Flushed from its startup success with its new 200,000 tonne/year green polyethylene (PE) plant in Brazil, Braskem announced last week that it will now build a sugarcane ethanol-based polypropylene plant after concluding the conceptual phase of the project.
Work on the basic engineering studies for the plant is expected to conclude next year and operational startup of the facility is projected in the second half of 2013. Investment of the plant is around $100m and capacity is said to be a minimum 30,000 tonne/year.
Braskem did not state what particular Green PP technology will be used except that it will be an already proven technology on an industrial scale using sugarcane ethanol as feedstock. The conceptual engineering was conducted in partnership with Fundacao Espaco Eco.
The company has been looking into producing green PP since 2008 in various development partnerships including the one last year with Novozymes. At the plastic and rubber K Show in Germany, where the announcement was made, Braskem reportedly confirmed through Plastics News that it will not use the enzyme-based fermentation technologies it is developing together with Novozymes.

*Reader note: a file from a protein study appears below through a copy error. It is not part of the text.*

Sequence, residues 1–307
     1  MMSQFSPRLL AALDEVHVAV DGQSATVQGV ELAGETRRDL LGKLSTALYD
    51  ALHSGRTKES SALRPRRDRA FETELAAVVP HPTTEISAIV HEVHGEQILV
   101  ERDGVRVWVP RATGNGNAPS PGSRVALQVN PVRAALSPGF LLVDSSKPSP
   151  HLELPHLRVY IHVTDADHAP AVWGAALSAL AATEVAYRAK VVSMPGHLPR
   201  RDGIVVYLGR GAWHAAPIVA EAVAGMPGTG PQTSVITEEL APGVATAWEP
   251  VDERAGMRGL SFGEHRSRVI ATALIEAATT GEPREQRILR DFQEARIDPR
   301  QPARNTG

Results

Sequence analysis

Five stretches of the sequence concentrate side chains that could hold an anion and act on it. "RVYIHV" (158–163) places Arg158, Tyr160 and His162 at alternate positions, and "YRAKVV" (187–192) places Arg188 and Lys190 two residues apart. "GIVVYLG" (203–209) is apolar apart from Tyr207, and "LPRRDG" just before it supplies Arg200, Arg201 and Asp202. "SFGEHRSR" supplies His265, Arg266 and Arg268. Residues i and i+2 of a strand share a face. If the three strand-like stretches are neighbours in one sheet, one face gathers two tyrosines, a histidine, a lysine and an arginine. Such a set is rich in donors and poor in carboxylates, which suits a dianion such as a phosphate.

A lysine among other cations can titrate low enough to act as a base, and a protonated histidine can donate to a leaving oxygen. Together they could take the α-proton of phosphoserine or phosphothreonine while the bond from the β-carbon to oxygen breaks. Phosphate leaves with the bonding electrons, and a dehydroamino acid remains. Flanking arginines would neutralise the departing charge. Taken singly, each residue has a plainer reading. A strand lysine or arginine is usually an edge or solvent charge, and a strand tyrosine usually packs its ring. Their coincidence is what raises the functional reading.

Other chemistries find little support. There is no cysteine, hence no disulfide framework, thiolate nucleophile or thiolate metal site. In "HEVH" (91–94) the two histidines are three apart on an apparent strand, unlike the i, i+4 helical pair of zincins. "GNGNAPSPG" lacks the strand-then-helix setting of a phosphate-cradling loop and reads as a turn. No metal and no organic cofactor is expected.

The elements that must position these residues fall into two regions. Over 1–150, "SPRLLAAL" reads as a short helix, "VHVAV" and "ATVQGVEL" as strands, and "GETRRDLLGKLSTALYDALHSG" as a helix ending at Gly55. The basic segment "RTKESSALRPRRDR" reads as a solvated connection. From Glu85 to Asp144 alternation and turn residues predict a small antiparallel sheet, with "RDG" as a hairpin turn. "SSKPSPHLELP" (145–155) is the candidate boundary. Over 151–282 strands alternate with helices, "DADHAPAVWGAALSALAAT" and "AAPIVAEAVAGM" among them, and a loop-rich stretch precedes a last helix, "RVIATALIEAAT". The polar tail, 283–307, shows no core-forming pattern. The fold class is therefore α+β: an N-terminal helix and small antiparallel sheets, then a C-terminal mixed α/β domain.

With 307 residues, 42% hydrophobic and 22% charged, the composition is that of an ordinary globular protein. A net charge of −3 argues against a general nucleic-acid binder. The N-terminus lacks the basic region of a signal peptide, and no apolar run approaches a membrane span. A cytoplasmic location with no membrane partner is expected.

According to consulting firm Nexant, there are several routes where green PP can be produced:
Case 1: Fermentation of sugars to produce bio-ethanol followed by dehydration to bio-ethylene. Some of the bio-ethylene are dimerized to produce n-butene, which are then reacted to remaining bio-ethylene via metathesis to produce green PP.
Case 2: Butanol is produced either by fermentation of sugars or gasification of biomass and the bio-butanol is dehydrated to produce bio-butene. And you know the rest from Case 1...
Case 3: Bio-propane produced as a byproduct of biodiesel is dehydrogenated to produce green PP
Case 4: Vegetable oil is fed to an enhanced fluid catalytic cracker (FCC) unit to produce green PP.
Looks like the only option from bio-ethanol here is Case 1 and 2...